Not much rain today. A bit in the afternoon but Vicki and I missed it as we were inside sleeping off our overnight flight. We were particularly concerned about the weather today as our evening really needed a clear night sky. Being at high altitude with low humidity (ha!), Atacama is an ideal for stargazing. Lying on sunbeds in the afternoons we did have our doubts about what visibility would be like as there were a lot of clouds.

Our tour guide Jorge assured us it would be fine though and true to his word, in the end it turned out perfectly clear. Jorge picked us up at 8:30 from our accommodation and took us somewhere out into the desert. Escorted by red light to an observation area we were seated in a row of chair with blankets awaiting us. The four of us were settled in along with a couple from Bolton (small world) and Jorge began his articulate and enthusiastic explanation of the universe.

At the start of his presentation Jorge asked us to rate our knowledge of the night sky from 1 to 10. We all modestly went for 1 which was probably accurate when we named Galileo as a famous Polish astronomer (he was looking for Copernicus). By the end of the hour long presentation we were much more informed though, we can all now find the South pole (using both the Southern cross and Magellan clouds), identify the brightest stars in the sky and have some idea of the co-ordinates used to map the night sky. I bet you didn’t know there were 88 constellations…well you do now!

Following refreshments Jorge moved on to observation. Using 6 different telescopes he showed us stars, clusters and nebulae. Perhaps the most impressive was when using the electronic tracking telescope he showed us Jupiter at both 200 and 600 times magnification. You could clearly make out the moons around and stripes across the planet. A bit of time for trying some night time photography and we returned back to our accommodation at midnight. All of us were extremely impressed by the evening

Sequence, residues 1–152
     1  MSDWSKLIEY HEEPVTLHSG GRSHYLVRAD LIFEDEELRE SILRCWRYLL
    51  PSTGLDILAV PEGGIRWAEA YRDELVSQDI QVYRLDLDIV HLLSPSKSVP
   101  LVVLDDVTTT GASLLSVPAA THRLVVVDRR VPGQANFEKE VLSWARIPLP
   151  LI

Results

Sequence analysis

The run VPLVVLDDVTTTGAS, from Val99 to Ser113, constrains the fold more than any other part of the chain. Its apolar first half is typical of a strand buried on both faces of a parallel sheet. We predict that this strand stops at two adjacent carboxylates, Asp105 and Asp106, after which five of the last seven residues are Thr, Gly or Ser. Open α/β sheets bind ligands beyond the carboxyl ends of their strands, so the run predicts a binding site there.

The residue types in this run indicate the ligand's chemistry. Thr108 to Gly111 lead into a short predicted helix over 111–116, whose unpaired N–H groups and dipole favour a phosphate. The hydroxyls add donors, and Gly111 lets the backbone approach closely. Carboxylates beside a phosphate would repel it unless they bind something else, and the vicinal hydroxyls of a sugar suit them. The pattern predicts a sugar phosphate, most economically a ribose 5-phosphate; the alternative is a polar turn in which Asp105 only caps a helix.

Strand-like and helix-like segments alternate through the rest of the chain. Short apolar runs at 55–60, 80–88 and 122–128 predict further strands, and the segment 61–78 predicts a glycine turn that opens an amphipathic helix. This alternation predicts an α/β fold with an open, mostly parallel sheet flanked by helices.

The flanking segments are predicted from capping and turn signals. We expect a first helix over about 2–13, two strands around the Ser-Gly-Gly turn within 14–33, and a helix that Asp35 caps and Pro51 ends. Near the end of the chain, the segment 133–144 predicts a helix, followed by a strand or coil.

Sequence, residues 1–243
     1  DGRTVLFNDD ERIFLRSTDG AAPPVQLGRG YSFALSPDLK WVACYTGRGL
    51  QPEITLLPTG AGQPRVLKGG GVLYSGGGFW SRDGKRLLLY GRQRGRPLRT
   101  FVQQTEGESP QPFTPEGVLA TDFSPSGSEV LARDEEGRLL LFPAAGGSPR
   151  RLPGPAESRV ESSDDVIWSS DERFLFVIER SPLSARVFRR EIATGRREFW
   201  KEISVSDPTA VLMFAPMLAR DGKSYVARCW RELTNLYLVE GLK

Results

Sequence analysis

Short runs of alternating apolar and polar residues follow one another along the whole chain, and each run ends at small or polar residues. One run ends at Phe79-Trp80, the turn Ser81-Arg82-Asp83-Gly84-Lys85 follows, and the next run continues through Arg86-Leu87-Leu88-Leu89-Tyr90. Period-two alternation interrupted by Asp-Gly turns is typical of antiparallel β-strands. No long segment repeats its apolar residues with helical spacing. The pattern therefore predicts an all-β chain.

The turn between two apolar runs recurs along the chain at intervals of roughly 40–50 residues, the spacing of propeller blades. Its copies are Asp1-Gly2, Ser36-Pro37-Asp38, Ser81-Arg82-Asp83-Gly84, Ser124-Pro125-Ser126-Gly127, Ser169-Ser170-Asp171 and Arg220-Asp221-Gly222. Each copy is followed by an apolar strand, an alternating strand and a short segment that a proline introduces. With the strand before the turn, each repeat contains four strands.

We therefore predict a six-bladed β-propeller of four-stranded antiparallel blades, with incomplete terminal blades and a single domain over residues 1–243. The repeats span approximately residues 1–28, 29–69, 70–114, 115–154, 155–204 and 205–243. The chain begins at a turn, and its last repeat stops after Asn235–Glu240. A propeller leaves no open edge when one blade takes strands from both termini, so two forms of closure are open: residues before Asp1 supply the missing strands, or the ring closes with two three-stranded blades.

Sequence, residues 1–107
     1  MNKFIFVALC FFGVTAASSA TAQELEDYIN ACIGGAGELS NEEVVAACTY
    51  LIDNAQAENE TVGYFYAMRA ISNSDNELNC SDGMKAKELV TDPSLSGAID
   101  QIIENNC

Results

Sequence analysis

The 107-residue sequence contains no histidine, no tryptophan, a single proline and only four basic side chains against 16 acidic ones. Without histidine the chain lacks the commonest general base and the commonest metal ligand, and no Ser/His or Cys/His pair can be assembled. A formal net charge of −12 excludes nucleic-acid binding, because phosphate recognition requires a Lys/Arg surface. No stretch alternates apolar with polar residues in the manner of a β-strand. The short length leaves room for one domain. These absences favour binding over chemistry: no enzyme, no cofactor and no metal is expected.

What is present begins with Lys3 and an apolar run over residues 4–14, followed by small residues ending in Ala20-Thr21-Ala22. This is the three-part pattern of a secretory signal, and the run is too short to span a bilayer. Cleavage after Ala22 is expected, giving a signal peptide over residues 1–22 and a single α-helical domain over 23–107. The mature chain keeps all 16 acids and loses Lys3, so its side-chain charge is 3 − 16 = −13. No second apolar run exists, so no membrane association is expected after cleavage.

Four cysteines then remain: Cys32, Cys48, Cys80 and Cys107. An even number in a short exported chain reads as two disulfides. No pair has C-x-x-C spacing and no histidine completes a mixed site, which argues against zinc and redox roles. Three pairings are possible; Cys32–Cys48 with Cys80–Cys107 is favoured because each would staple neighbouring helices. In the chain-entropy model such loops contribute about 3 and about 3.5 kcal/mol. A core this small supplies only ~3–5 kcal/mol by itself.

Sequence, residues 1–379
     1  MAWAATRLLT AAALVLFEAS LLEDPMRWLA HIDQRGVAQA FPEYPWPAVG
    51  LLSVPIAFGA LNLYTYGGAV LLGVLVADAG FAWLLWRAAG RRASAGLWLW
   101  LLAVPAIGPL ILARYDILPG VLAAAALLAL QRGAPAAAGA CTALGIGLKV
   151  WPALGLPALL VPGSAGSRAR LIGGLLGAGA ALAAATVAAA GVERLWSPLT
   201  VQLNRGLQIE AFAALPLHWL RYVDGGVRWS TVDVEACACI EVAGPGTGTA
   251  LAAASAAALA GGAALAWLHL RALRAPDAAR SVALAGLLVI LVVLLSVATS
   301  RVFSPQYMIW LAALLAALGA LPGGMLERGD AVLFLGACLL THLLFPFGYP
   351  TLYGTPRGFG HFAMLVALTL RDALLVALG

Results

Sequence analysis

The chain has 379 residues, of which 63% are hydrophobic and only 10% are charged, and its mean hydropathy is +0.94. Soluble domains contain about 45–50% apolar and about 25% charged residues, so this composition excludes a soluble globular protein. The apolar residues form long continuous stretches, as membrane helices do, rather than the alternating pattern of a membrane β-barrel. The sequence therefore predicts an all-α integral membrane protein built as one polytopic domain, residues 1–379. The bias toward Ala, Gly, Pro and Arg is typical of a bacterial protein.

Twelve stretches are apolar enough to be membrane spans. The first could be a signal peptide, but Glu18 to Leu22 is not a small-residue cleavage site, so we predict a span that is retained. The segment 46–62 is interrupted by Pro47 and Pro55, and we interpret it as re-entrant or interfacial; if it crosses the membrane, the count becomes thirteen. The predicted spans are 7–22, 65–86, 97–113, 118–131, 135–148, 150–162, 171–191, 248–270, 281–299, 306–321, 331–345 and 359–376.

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Monday 23rd March – Moon Valley

After long journeys and a late night with the stars, today was set to be a lazy day. Post breakfast, Vicki, Shannon and I headed out for a walk around town. San Pedro is a small town serving as a base for the surrounding desert attractions. Safe to say it didn’t take long to explore however we did appreciate our post walk desert dessert of Mango Pie. Yum.

After an afternoon by the pool and generally relaxing we headed for an evening tour to the moon valley. This was our first of 3 desert attraction tours we had booked with Turistur. Picked up by an empty coach we spent a long time touring hotels gathering a full load before heading the valley. While the valley was impressive with different rock formations, salt accumulated over the years and large dunes, we were less than impressed by the tour overall. Herding the large group was painful and their idea of a trek was walking down a road (partly because we had left the bus stuck in the mud). Still the tour was cheap enough and we got to see the valley. Doing it again we would probably hire bikes and go independently as it turned out to be much closer to town than we had expected.

Shannon: Don’t forget to mention how the tour guide thought that Newcastle was much nicer than Santiago.

To me, this is a telling representation of what Turistur rate as worthwhile attractions.

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Tuesday 24th March – No Salt Flats

Tour 2 of 3 was cancelled. This was a shame as it was going to be to the Tara Salt Flats which we were told would be a highlight of the tour. Unfortunately due to heavy rain out of town the day before (none on us) the roads were impassable. This left us at a bit of a lose end.

I wasn’t feeling too perky in any case so immediately following breakfast I was having another lie down. A combination of over indulging on steak and chips (the food here has been very good and plentiful), Pisco sours and beer the night before plus not sleeping very well after getting eaten by mosquitos left me feeling a bit worn out. However, this didn’t hold me back for long as before lunch we decided a good rainy day activity was a group run. We all headed out and really felt the effect of the altitude as it made the run much harder than it should have been.

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With the run done we had earned our lunch and enjoyed a long lunch out of the rain which turned out to be our best meal in San Pedro. Ceviche and pasta was delicious and thankfully in sensible portion sizes today. We had a look round town for options on what to do for the afternoon but nothing was really rain appropriate or was closed when we arrived. Instead we spent the afternoon relaxing in our accommodation (the B&B has very good communal areas), listening to music and swapping reading ideas for our kindles.